One of the things I love is when a book does slang and idioms–whether real-world or made-up–very well. I can’t say I see it done well all that often, and I can’t say that I always do it as well as I would like. It’s a work in progress, but I think it’s one of those little things that go a long, long way.
I think we don’t often realize how much even something as simple as word choice influences our understanding of people, culture, and character. It goes from something absolutely tedious and silly (such as the disagreement I had with my husband regarding the range of numbers represented by the word “several”: he says that can be as little as three, I feel like it’s got to be six or seven. Not a big deal until one asks the other to get “several” apples at the store, expecting seven and getting three!) to the fact that in Quebec French, certain religious words, like Tabernacle and Chalice are used as cuss words, often with more offense carried in them than our most aggressive four-letter mud-slingers.
Personally, I find this fascinating. Then again, I’ve worked as a translator before, and that’s kind of my thing.
Every sub-culture has its own vocabulary, and some of it makes sense, and some of it makes nonsense. And then you have your sub-sub-culture slang too! For instance, I was in the Marine Corps for five years. My husband is in a different branch of service. You would think that “military slang” would just about cover it, right? Nope.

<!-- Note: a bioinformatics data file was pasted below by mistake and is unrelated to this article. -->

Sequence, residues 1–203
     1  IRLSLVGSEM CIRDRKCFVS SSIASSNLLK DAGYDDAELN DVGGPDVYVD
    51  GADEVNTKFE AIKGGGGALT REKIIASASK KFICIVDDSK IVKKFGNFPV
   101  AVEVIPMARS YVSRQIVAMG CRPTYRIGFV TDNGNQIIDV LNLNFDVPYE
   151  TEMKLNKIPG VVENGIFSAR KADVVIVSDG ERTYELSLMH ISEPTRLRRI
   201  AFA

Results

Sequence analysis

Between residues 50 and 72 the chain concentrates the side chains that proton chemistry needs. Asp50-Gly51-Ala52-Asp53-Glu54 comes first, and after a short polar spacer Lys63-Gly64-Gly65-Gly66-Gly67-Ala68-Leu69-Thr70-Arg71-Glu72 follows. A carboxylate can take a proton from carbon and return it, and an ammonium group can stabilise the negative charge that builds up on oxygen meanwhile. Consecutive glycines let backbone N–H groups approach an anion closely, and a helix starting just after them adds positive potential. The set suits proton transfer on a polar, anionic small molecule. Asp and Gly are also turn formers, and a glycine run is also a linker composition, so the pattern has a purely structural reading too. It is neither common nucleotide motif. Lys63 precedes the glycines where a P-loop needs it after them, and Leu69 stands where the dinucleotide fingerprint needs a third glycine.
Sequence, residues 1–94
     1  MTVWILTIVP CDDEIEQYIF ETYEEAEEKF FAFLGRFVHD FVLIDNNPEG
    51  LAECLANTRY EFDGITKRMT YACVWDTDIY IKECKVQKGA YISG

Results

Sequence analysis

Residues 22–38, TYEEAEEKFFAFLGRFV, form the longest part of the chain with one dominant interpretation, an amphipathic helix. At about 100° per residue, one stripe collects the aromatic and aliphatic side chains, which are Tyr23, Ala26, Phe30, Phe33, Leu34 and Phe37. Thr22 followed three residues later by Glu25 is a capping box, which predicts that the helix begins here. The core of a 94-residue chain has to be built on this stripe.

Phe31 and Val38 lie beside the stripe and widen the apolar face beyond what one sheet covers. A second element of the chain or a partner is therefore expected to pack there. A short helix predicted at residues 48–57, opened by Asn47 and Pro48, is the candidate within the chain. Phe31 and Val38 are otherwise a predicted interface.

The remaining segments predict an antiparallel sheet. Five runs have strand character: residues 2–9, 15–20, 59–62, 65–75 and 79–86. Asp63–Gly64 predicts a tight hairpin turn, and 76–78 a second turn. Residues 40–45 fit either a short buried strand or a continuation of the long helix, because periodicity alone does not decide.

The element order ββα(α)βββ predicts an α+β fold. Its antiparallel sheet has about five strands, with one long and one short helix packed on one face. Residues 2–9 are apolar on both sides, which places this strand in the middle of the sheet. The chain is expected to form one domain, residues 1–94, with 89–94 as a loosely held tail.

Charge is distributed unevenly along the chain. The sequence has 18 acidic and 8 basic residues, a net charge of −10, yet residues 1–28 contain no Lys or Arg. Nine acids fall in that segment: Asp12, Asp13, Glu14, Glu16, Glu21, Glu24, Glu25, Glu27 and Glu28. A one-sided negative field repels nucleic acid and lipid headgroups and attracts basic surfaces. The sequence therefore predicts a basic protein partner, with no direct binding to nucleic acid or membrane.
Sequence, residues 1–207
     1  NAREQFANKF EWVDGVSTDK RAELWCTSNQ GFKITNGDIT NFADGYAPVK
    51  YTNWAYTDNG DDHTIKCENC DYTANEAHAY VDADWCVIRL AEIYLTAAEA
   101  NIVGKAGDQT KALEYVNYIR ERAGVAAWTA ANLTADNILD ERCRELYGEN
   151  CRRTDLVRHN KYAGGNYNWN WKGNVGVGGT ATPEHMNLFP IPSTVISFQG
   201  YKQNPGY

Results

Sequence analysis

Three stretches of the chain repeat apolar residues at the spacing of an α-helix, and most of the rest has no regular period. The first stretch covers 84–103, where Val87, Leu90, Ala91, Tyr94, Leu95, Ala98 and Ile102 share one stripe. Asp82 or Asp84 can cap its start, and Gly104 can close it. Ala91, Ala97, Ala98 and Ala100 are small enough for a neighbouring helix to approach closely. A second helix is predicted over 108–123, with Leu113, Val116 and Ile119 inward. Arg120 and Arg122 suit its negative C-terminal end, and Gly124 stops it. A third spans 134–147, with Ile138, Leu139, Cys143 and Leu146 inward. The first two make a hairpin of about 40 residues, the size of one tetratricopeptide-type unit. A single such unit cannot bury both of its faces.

For a forced march? He says ruck, I say hump (I know…I know.)
For a bathroom? He says latrine, I say head.
For that mysterious unofficial grapevine through which all information is disseminated before its actually disseminated? He says Joe Network, I say Lance Corporal Underground.
And do you want to know something else? (probably not, but I’m going to tell you anyway) The Marine Corps has a couple of terms that are still used to this day, which originated from the Navajo Codetalkers of WWII! Running shoes are called both tenny-runners (? so weird, now that I think about it) and go-fasters, the latter of which has its origins in the Navajo Marine terminology. Ink-stick, for pens, is also one of those.
Just a couple of random bits of military slang and you could draw a whole, rich history lesson.
Anyhow, this is something that can be hard to do because if you don’t get it right, it can be tedious and distracting, but if you do get it right it can bring the world to life in a subtle, but very root-growing sort of way.
On that note, here is the NYT quiz based on the Harvard Dialect Survey. It asks questions about which words you use for commonly known things (or in some cases, obscure regional things that I had never heard of) and it was accurate down to my hometown (although that level of specificity is probably not going to happen if you’ve lived in twenty places growing up). It can be fun to see how small word choices show your culture/background.